These tests aim at:
 faults in PRG inner workings
 repeating sequences and patterns in result sequences
 outputs of certain combination of entry parameters
References
 ↑ Introduction to Randomness and Random Numbers, 2012, Random.org
 ↑ Lecture 16: Nisan's PRG for small space, 15855: Intensive Intro to Complexity Theory. Spring 2009, Carnegie Mellon University, USA.: page 1
 ↑ XiangYang Li, Pseudorandom Number  Cryptography and Network Security. Illinois Institute of Technology, USA
 ↑ ^{4.0} ^{4.1} Boneh, D. (2012); Lecture 3  Block ciphers, Introduction to Cryptography. Stanford, USA.
 ↑ ^{5.0} ^{5.1} Knuth, D. E. (1997). The Art of Computer Programming, volume 2. Addison Wesley, third edition.
 ↑ WolframAlpha  Linear Congruential Generators (2012)
 ↑ ^{7.0} ^{7.1} WolframAlpha  Mersenne Twister and Friends (2012)
 ↑ Mikulka Z., (2008); Random Number Generators  Bachelor’s thesis. University of technology  Faculty of electrical engeneering and communication, Department of telecomunications, Brno.: page 14
 ↑ SPRNG Libraries Documentation
 ↑ Lenore Blum, Manuel Blum, and Michael Shub. "A Simple Unpredictable PseudoRandom Number Generator", SIAM Journal on Computing, volume 15, pages 364–383, May 1986.
Extarnal links
 WolframAlpha  Linear Congruential Generator
 WolframAlpha  Mersenne Twister simulator
 Mersenne Twister – A Pseudo Random Number Generator and its Variants
 Autocorrelation test
 Spectral test
 Web dedicated to the 'randomness'
Self test
1. What is the plaintext for cipher text "33 63 66 15 41 79 85 15 65 58 85" with following encryption properties:
Lets assume that a secret message has been prepared by converting the letters into digits following the rule:
A  B  C  D  E  F  G  H  I  J  K  L  M  N  O  P  Q  R  S  T  U  V  W  X  Y  Z  

Letter code  01  02  03  04  05  06  07  08  09  10  11  12  13  14  15  16  17  18  19  20  21  22  23  24  25  26 
Then the successive digits are added, modulo 10 to the successive digits of the output of a LCG with following properties: , , and .
If , then cipher for plaintext AB is:
Plaintext  A  B 

Plaintext code  01  02 
Key digits  12  34 
Ciphertext  13  36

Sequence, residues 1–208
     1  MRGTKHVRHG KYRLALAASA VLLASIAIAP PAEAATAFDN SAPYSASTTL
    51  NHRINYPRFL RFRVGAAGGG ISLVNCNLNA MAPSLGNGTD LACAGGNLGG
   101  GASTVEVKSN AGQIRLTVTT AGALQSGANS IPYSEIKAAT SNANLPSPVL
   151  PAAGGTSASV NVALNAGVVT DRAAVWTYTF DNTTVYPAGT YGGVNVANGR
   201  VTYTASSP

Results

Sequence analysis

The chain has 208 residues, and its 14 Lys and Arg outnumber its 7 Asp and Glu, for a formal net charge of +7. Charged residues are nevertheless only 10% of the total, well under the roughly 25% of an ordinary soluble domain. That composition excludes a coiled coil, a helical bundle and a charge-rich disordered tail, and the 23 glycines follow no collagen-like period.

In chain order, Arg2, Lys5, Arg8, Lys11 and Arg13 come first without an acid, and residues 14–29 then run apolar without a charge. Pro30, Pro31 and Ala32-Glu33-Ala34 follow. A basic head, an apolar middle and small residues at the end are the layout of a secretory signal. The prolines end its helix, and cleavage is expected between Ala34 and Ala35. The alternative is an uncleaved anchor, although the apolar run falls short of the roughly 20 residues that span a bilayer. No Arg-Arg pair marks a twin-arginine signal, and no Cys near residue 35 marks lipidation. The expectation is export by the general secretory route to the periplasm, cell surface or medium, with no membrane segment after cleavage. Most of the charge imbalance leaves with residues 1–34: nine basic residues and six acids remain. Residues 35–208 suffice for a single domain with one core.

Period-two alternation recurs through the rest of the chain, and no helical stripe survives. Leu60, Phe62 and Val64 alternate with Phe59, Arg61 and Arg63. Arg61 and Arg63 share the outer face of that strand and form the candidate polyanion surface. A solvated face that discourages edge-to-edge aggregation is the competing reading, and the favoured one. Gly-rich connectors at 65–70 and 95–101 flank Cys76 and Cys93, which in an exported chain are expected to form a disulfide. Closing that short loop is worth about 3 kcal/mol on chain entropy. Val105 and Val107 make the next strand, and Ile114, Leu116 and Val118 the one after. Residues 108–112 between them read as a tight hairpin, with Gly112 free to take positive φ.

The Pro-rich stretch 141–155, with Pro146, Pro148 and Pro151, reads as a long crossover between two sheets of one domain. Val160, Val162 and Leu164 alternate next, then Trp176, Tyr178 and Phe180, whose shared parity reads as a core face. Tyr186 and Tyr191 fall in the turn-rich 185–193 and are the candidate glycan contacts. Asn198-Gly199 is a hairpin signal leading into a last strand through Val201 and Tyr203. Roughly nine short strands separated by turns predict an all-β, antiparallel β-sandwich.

2. Let be a secure PRF. I following generator G a secure PRF?
Failed to parse (unknown function "\hskip"): {\displaystyle G(k, x) = { \begin{cases} 0^{128} {\hskip 1cm} \text{if } x = 0\\ F(k, x) {\hskip 0.5cm} \text{otherwise}\\ \end{cases} }
 a) No, it is easy to distinguish G from a random function
 b) Yes, an attack on G would also break F
 c) It depends on F
3. Which required property of PRG is not fulfilled based on the following output from a generator:
Input  235  803  186  597  931  235  274  727 

Output  345812  971486  207319  349183  729460  345812  367428  319708 
 a) unbiased
 b) unpredictable
 c) unreproducible
 d) none of the above
4. What is value of for MCG defined as follows: , , and .
 a) 4572
 b) 3649
 c) 2892
 d) 6217
5. Categorize test based on its description.
Birthday spacings: Choose random points on a large interval. The spacings between the points should be asymptotically exponentially distributed. The name is based on the birthday paradox.
 a) theoretic test
 b) blackbox testing
Solution
 1. Answer: LCGINACTION
 First determine first 6 outputs of the generator. Get letter codes by reversed modulo 10 addition and translate the ciphertext.
 2. Answer: a
 When the adversary queries G at x = 0 they always get 0 and they know they are interacting with PRF and not truly random function.
 3. Answer: c
 Generator produced same output for two identical inputs
 4. Answer: c
 5. Answer: a